Building on MIRRI-ERIC, it will be important to create a European effort and associated infrastructure to coordinate and foster cooperative initiatives that integrate existing microbial resource centres, and advanced basic and applied microbial research resources in both academia and industry. The clear focus is on maintaining already preserved diversity with attempts to acquire novel microbial resources with value to basic research and applied economic benefits and health. Microbial strains must not be seen
as stand-alone resources but one component of an integrated system that link past and future published data of the entire spectrum of basic and applied research to predict novelty and hidden values of the raw material for innovations and growth of the bio-economy.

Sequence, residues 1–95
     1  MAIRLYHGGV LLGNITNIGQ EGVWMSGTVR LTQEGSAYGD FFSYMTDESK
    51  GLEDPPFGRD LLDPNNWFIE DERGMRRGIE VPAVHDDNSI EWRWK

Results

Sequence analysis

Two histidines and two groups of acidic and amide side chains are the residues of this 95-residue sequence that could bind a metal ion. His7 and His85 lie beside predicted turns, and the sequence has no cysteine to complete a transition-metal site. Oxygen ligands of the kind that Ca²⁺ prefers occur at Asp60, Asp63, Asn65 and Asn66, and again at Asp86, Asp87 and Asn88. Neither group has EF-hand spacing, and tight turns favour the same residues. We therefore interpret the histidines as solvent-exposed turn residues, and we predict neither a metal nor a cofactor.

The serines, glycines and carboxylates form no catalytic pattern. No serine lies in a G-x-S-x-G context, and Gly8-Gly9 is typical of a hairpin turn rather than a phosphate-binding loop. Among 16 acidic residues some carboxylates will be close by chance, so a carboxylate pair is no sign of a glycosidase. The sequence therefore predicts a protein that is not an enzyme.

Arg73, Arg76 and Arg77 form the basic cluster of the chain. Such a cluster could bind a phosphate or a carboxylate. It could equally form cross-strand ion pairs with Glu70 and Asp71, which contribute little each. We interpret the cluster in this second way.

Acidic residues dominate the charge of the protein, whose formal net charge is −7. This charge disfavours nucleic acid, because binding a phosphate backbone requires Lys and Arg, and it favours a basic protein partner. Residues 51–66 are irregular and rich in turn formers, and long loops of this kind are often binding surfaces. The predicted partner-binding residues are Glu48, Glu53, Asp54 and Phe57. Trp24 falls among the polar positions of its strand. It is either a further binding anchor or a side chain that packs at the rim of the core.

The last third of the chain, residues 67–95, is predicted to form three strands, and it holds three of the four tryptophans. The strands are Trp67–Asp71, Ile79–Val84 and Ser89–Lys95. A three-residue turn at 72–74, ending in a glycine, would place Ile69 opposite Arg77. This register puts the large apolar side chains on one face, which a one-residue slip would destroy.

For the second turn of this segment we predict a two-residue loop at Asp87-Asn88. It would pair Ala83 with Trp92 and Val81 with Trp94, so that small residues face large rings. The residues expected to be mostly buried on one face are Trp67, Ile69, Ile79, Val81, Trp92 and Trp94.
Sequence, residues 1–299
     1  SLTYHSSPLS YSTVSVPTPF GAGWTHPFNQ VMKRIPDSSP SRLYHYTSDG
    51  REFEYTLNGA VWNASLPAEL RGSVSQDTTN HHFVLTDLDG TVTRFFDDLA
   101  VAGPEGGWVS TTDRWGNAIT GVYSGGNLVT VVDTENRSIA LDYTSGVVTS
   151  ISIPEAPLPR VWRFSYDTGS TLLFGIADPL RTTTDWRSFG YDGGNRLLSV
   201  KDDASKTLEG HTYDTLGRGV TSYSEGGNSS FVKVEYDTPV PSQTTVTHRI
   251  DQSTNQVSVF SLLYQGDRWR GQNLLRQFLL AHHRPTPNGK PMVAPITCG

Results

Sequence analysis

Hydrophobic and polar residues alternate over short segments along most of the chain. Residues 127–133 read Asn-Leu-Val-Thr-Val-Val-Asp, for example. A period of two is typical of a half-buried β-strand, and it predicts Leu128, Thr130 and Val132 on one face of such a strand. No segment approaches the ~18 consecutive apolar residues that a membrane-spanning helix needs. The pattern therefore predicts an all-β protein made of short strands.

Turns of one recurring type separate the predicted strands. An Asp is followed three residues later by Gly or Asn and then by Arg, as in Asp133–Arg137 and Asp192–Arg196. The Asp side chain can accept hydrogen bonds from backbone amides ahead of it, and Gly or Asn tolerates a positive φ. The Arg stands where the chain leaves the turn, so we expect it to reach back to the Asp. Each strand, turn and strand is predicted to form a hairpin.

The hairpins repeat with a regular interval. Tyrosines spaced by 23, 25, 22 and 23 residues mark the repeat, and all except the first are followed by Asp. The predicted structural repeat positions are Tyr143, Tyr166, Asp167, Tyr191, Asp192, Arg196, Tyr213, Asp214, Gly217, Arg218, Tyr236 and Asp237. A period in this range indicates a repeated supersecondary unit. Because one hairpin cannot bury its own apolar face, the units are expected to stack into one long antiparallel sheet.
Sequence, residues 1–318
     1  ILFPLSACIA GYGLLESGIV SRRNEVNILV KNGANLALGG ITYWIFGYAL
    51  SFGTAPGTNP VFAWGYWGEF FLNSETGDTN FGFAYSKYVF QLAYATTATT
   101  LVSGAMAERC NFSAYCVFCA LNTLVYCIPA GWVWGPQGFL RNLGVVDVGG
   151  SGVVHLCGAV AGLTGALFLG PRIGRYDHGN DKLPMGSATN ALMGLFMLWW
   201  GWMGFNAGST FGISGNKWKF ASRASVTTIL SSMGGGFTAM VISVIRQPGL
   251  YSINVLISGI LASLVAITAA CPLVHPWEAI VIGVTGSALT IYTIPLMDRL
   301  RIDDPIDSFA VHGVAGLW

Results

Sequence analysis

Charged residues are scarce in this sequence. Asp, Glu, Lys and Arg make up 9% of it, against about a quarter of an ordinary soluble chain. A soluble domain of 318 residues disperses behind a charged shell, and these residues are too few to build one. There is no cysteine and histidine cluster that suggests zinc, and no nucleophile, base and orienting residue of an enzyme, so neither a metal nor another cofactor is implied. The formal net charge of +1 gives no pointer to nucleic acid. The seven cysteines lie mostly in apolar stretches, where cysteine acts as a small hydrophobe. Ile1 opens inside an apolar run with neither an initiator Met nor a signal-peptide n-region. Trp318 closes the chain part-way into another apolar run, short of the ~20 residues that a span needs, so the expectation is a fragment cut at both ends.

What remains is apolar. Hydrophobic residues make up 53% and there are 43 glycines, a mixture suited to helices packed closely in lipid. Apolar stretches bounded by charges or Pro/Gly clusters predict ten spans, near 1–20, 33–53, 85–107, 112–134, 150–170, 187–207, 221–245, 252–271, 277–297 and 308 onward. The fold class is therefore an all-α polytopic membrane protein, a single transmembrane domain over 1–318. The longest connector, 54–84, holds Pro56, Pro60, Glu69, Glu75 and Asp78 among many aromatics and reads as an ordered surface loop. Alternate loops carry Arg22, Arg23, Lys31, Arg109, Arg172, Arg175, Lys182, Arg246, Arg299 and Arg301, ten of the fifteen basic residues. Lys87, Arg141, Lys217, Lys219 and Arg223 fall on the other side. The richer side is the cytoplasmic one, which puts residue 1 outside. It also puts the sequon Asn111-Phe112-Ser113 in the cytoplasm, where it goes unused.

Stackebrandt E (2010) Diversification and focusing: strategies of microbial culture collections. Trends Microbiol 18:283-287
Stackebrandt E, Smith D, Casaregola S, Varese GC, Verkleij G, Lima N, Bridge P. Deposit of microbial strains in public service collections as part of the publication process to underpin good practice in science. Springerplus. 2014 Apr 28;3:208. doi: 10.1186/2193-1801-3-208. eCollection 2014.
Verslyppe B, Kottmann R, De Smet W, De Baets B, De Vos P, & Dawyndt P. Microbiological Common Language (MCL): a standard for electronic information exchange in the Microbial Commons. Res Microbiol. (2010). Jul-Aug; 161(6):439-45. doi: 10.1016/j.resmic.2010.02.005.

List of Websites:
Public website:
MIRRI Coordinator: Prof. Dr. Erko Stackebrandt, e-mail:
MIRRI Project Manager: Dr. André Oumard, e-mail: